Ya-HOO! I completed enough of the sheer drudgery work on my list that I took the day today to plant my first winter garden. The drudgery included putting the dirt back into the hole for the plumbing fix Al and I did a few weeks back. The fix is holding and it’s now safe to refill the cavern. After that, I emptied the dirt from the somewhat smaller but wider cavern where Al and I fixed plumbing two years ago. The rubber coupling had shifted and was leaking. In this case, all the PVC between the walnut tree and the pump house wall needed to be cut out. It literally turned two square-edged circles on its way from the tank to the pump house. So I cut away all the dead piping that had once been part of an irrigation system, making room for an almost straight run of pipe from tree to wall. As it ended up, I still needed that rubber coupling. Even with a 45 degree elbow, the two pieces of pipe didn’t meet. I haven’t yet refilled that hole, in case it leaks. I am NOT moving any more dirt than I absolutely have to move.
Then, because I was still in the pump house, I addressed the slow drip off the second arsenic filter. This required a call to tech support–I wanted to be certain I couldn’t break it–then the removal of the plastic piece that connects hoses to the filter. I discovered what happens if the screws aren’t quite tight enough when that cartridge is reinstalled. Let’s just call that my morning shower.
After that, I filled dirt in the trench near the barn. Mind you, I didn’t finish moving dirt. I just moved more of it. I’ve got a pact with myself about spending five minutes every day on the trench. I figure by Christmas it’ll be filled.
Then I installed a fence and gate to section off the northern half of the orchard garden. This is the area that the piggy girls have cleaned for me. It’s also their favorite place to lay in the morning because the sun hits it shortly after rising, making it a perfect pig-sunbathing spot. This is also why I didn’t plant in the orchard today. I want to be absolutely certain they can’t open that gate before I put the effort into preparing the garden.
Speaking of the girls, they are getting BIG! I need to measure them, but haven’t yet managed to balance all the bits to make it happen–you know, find the baling twine and the scissors at the same time, then get one of them to stand still long enough to measure her. Oddly, as big as they’re getting, they’ve slowed down on their food intake a little. This suggests to me that they’ve found something they love in that back pasture and are filling up on it instead of eating processed food. They seem very happy grazing of late and will often sit with the sheep, just chewing on grass. Oh, and I caught that ear-petting thing with Peanut again. One of the black-and-white girls had started past him, then caught sight of his ear–not hard to do now that she’s taller than he is. She stopped and put her mouth on it, then let him drag his ear out of her mouth. Since he didn’t make any noise or yank on his ear, I’m assuming he still enjoys this pig-petting-trick.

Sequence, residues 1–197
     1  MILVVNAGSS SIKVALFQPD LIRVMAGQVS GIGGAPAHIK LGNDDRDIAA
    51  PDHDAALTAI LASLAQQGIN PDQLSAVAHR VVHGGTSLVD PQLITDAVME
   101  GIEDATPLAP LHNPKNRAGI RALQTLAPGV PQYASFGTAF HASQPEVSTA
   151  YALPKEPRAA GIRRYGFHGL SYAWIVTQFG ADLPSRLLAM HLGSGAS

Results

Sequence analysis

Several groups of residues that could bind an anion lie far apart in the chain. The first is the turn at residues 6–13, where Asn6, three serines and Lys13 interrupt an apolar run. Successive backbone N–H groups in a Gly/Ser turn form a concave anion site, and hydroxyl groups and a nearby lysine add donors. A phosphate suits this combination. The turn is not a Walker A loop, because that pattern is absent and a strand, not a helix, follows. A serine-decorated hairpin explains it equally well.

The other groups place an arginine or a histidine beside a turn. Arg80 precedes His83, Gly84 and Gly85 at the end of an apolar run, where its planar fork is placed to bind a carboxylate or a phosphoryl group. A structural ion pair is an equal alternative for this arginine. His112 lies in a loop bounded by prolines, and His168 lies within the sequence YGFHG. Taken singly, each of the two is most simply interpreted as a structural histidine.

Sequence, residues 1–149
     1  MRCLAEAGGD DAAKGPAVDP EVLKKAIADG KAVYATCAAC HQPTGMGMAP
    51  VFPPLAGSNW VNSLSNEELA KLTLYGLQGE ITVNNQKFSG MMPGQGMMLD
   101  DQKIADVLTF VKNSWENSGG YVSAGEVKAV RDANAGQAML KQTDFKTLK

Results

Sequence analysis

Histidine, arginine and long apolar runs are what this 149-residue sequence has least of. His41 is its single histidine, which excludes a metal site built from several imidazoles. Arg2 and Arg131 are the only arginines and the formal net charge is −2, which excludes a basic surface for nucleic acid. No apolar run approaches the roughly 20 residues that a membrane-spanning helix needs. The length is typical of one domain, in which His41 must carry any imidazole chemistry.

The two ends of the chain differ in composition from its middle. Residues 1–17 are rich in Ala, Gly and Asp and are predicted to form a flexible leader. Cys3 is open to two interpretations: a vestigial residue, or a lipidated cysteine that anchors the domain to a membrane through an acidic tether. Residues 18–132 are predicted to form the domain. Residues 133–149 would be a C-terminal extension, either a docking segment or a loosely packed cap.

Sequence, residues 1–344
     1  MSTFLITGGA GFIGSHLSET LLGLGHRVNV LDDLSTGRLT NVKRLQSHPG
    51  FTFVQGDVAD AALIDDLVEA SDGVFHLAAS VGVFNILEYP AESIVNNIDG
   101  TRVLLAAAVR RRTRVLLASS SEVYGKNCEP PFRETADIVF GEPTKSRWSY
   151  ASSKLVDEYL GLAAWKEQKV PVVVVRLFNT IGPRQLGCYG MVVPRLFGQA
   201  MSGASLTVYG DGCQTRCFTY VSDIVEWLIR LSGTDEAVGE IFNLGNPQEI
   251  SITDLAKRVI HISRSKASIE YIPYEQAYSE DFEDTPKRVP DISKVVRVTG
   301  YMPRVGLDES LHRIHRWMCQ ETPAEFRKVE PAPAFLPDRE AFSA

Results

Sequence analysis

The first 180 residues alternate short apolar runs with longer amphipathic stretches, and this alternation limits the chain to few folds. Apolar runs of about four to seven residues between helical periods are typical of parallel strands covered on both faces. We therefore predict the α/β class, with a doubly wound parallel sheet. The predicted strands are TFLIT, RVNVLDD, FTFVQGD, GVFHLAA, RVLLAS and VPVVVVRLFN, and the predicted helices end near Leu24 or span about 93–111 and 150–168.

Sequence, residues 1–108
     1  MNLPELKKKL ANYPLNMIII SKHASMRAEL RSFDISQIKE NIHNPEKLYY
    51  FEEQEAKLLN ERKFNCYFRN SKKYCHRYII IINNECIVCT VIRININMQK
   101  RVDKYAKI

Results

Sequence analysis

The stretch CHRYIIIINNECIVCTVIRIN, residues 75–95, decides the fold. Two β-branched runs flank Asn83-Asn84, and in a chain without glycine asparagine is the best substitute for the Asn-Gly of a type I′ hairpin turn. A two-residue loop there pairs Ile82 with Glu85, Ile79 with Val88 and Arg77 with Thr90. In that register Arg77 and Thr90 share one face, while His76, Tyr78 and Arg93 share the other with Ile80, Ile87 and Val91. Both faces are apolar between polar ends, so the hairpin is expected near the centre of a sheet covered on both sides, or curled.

So my first garden of this winter season is that the small bed at house-level that I planted for my birthday a couple of years ago. It was a rough summer for that garden, what with me trapped inside writing, not really watching what was happening. That said, it still produced onions, lettuce, fava beans and arugula. Then the bermuda crept in and the bind weed joined it. The roses did okay, but the grapevine did not. I might have to see about building an arbor for it.
It took me all morning to remove the grass and weeds, but with every punch of my hoe I had to smile. What started as hay, straw, cardboard and iffy dirt is now a gorgeous dark brown soil Once the soil was as clean as I cared to get it–yes, I know the bermuda will be back, but it served its purpose and kept the dirt protected from a scorching sun–I raked it flat, then went for the seeds. Turnips, kale, tat soi, radishes, and carrots. I have no hope for the carrots, but I found a package, so I used it.
Everything’s a month late going in and, judging from my cottonwood trees, I’m thinking we’ll have an early frost. Still, once the willow drops her leaves, this garden gets sun all day long for the whole winter. I’m hoping that will do the trick and I’ll once more have plenty of cold season greens.
So on that happy note, it’s back to the drudgery. I have to fix my lawn mower. I sort of overfilled the oil and I’m sort of certain I broke it. Breaking the mower is a whole lot better than breaking anything in that pump house and a whole lot cheaper to fix. That is, if I really did buy that warranty.